How to Host a Classroom Math Tournament game for March Madness - Elementary Education

How to Host a Classroom Math Tournament game for March Madness

March Madness, but make it elementary

We all know how fun the idea of a tournament is, and although I’m not a basketball fan, I love the idea of a good bracket. There’s just something about the 50/50 nature of each step in the tournament when one team advances and the other does not. Of course, this is a bit cutthroat for the elementary crowd, which is why I decided to create a kid-friendly set-up for a classroom math tournament game:

Important: All of the materials I’m going to show you are are free and can be downloaded here.

Tip #1: Display charts or slides the whole class can see

Whenever possible, I like to keep things paperless. That usually means PowerPoint or other slides that I can project on the SmartBoard for all the students to see. This is usually the most efficient way of doing things in the classroom, and this is no exception. These are PowerPoint slides, so you can edit them directly in PowerPoint to reflect your classroom’s information.

Tip #2: Pre-pick student teams

You have two options here: choose teams strategically ahead of time and announce them to students or choose them randomly with the students. If you have a lot of personality conflicts or a wide range of academic abilities, you might want to consider creating the teams ahead of time so that they are waited fairly and don’t result in a lot of behavioral disruptions. Otherwise and especially with older kids, it might be more exciting to choose teams randomly together as a group because it adds to the excitement and the atmosphere of the classroom math tournament game. 

When you download the materials, you’ll get a team name generator on a slide that looks like this:

Tip #3: Make a schedule

Once the tournament starts kids are going to get hooked really quickly on the game itself so it will pay off to make a schedule ahead of time. You can display the schedule with team names and the days of the week and morning or afternoon to signify when they can anticipate playing. If your students have already learned how to tell time this might be a great place to have pictures of clocks or digital times listed to enforce that skill.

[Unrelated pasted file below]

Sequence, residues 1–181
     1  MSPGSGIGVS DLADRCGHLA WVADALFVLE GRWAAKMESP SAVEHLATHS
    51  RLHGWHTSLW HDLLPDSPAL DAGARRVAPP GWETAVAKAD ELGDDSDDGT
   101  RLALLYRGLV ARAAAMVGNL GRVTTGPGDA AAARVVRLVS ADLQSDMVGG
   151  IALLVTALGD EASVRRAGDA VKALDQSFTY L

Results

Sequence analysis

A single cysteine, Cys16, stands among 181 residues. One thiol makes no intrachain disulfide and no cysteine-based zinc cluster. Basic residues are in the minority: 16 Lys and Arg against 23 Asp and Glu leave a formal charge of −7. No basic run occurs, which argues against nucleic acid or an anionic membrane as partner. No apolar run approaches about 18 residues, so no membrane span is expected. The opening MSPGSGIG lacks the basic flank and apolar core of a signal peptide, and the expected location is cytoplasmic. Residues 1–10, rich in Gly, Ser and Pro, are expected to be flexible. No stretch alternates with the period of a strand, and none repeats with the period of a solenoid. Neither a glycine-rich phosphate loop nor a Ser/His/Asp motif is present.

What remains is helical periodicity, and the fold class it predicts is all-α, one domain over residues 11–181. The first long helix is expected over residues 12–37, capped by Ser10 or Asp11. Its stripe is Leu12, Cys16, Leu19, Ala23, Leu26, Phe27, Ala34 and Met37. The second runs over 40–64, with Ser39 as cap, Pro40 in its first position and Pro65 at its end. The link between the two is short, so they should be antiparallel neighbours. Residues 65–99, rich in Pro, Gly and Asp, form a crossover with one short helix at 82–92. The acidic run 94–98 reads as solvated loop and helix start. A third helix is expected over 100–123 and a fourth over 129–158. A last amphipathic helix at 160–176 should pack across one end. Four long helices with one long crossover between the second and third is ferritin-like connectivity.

Tip #4: Make sure to integrate SEL/sportsmanship

One of the most common questions I get about Knockout is how to make sure that students aren’t getting mad when they lose or pouting when they are knocked out. It certainly doesn’t happen overnight but if you can infuse some mini-lessons about sportsmanship and fair play and positive attitudes and being a good loser and so on. Every time you play, Knockout actually becomes a time of day where are your students’ sportsmanship and kindness will flourish in the team setting.

You might even consider having a rotating list of topics that you can review quickly as a group before each set of Knockout games. Things like:

  • What to do and say when your team wins
  • What to do and say when your team loses
  • Dos and don’ts for when you are knocked out
  • Dos and don’ts for cheering on your teammates
  • The characteristics of a good sport
  • A general review of the rules of the game

Tip #5: Try it out with several games

You can definitely use this bracket set up for more math games beyond just knockout. However, if you are interested in looking into Knockout Learning for your own classroom, I’ve compiled an inventory that you can filter and sort by grade level or by subject to find the game that is just right for you and your students. (Hint: you can even sort by price to grab all of the free ones offered!)

Tip #6: Make it fun!

One of my students’ favorite parts was choosing the team names. This was something we did often, so we came up with several systems for choosing. It was nice to have a go-to way of choosing when a team was stuck and couldn’t agree or decide on a name. You’ll find the slide below in the free download here, but it’s worth noting that this pre-made system works wonders with an indecisive bunch!

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